Department of Molecular Biology, Massachusetts General Hospital and Department of Genetics, Harvard Medical School, Boston, Massachusetts, USA

Background and objectives
To identify the signal transduction pathways leading to the induction of defence genes in compatible pathogen interactions, Arabidopsis thaliana is being used as a model host. Infection of Arabidopsis with a virulent bacterial pathogen leads to the induction of a variety of defence genes, including the pathogenesis-related genes PR1, BGL2 (PR2), and PR5. One of the major signalling pathways leading to the induction of these genes involves the secondary signal molecule salicylic acid (SA); exogenous SA can induce PR1, BGL2 and PR5 and systemic acquired resistance (SAR). The NPR1 gene in Arabidopsis was identified as downstream of the SA signal and npr1 mutants exhibit significant reduction in the induction of PR1, BGL2 and PR5 by exogenous SA, impaired SAR after exposure to avirulent pathogen or exogenous SA, and increased susceptibility to virulent pathogens [1]. However, while npr1 mutants are blocked in SA induction of PR1, BGL2 and PR5, the virulent pathogen Pseudomonas syringae pv. maculicola ES4326 elicits a different response. PsmES4326-inoculated npr1 plants show approximately 10-fold less induction of PR1 compared to wild-type plants, but wild-type levels of BGL2 and PR5 induction [2]. This indicates that there is one or more npr1 and perhaps SA-independent signalling pathway(s) leading to the induction of BGL2 and PR5. To identify components of this pathway, a screen is being conducted for mutants that lose the ability to induce BGL2 in response to virulent P. syringae infection in an npr1 mutant background using a BGL2-GUS (beta-glucuronidase) fusion transgene as a reporter [1].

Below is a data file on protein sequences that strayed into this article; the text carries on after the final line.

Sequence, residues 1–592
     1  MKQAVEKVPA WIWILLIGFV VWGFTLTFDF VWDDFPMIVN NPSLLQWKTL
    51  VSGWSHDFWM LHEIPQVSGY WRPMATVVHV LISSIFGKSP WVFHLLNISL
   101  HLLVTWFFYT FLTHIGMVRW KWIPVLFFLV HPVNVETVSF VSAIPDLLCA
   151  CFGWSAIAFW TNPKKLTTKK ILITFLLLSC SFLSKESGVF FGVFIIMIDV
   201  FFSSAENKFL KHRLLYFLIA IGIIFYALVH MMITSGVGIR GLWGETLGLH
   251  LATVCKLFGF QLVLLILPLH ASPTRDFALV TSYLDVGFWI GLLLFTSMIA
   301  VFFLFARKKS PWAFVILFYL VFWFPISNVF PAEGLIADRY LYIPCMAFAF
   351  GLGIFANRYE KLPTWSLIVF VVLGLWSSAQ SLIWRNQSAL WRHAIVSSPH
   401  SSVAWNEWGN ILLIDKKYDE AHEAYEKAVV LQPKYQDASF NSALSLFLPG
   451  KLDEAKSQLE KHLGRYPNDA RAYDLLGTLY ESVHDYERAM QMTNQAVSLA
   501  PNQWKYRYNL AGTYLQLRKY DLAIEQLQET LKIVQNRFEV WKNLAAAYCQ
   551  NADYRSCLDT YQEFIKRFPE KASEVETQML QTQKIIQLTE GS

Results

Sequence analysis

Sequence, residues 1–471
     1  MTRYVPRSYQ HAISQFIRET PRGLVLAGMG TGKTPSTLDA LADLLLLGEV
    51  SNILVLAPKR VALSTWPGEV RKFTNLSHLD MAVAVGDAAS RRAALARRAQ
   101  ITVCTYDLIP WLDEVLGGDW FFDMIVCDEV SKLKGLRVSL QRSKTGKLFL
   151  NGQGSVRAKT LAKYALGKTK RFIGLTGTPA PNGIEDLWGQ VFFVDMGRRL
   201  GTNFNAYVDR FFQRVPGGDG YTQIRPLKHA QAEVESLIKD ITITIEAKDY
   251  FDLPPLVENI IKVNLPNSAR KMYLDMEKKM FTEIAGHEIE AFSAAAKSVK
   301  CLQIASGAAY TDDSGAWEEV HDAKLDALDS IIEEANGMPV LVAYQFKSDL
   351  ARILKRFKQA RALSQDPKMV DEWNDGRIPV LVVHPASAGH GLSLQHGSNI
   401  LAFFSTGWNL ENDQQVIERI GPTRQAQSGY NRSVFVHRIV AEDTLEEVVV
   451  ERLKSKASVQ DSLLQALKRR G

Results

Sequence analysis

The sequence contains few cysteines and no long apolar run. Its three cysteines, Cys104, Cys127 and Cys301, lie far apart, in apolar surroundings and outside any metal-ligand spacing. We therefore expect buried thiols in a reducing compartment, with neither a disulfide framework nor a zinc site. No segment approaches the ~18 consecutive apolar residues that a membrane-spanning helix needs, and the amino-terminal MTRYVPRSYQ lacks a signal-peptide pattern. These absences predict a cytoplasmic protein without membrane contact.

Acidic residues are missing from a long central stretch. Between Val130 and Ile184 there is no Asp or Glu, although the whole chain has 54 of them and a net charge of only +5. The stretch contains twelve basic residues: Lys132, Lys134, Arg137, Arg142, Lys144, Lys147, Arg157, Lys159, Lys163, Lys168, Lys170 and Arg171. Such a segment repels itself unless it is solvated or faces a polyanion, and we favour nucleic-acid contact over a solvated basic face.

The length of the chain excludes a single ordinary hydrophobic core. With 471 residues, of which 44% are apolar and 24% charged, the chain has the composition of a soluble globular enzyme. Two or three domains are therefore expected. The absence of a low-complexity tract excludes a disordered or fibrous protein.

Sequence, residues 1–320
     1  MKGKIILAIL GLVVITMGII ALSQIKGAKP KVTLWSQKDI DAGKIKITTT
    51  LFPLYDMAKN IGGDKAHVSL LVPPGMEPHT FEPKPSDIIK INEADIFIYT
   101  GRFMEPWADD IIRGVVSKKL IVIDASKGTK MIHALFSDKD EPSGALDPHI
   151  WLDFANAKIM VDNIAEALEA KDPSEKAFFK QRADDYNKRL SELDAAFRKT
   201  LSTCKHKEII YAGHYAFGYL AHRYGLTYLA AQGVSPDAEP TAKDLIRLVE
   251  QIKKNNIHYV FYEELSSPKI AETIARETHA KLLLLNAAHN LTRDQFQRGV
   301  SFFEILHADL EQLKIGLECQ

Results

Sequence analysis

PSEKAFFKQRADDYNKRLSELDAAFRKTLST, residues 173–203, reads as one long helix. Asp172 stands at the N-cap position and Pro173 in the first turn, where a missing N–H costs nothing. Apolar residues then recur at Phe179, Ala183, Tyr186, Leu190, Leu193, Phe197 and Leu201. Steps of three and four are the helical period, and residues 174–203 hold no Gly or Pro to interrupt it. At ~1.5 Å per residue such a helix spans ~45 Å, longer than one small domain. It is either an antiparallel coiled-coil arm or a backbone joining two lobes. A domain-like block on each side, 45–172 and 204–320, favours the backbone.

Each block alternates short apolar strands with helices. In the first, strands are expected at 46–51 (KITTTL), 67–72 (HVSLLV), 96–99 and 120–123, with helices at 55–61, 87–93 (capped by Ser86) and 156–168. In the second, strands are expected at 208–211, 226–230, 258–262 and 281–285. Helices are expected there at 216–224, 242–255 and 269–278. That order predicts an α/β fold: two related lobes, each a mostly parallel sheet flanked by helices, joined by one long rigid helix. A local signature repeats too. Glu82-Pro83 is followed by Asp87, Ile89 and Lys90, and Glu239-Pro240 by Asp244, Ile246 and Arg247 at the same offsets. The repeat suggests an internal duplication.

Results and conclusions
3500 EMS mutagenized M2 plants (parent - npr1 BGL2-GUS) have been screened for reduced GUS activity after infiltration with the virulent pathogen P. syringae pv. tomato DC3000. 173 (5%) putative mutants were selected and re-tested for GUS activity with PstDC3000. 65 (2%) exhibited reduced GUS activity and four (0.1%) of these showed no detectable GUS activity. The four mutants which showed no GUS activity and three mutants which exhibited the lowest GUS activity were tested by Northern blot for induction of endogenous BGL2 in response to PstDC3000 exposure, to determine whether the reduced GUS activity was due to a block in the BGL2 signalling pathway or due to a mutation in the reporter fusion. One (P8) of the four mutants showing no GUS activity showed no induction of endogenous BGL2 after pathogen exposure. This mutant (P8) appears to be blocked specifically in the BGL2 signalling pathway, since PR1 and PR5 showed normal induction after PstDC3000 exposure. A second mutant (P124), which shows no GUS activity, exhibits increased expression of endogenous BGL2 compared to the parental line. Preliminary results with P124 indicate that this expression of the endogenous BGL2 is not constitutive, but induced by pathogen. Genetic and phenotypic characterization of P8, P124 and the other putative mutants is ongoing.

1. Cao H, Bowling SA, Gordon AS, Dong X, 1994. Plant Cell 6, 1583-1592.
2. Glazebrook J, Rogers E, Ausubel FM, 1996. Genetics 143, 973-982.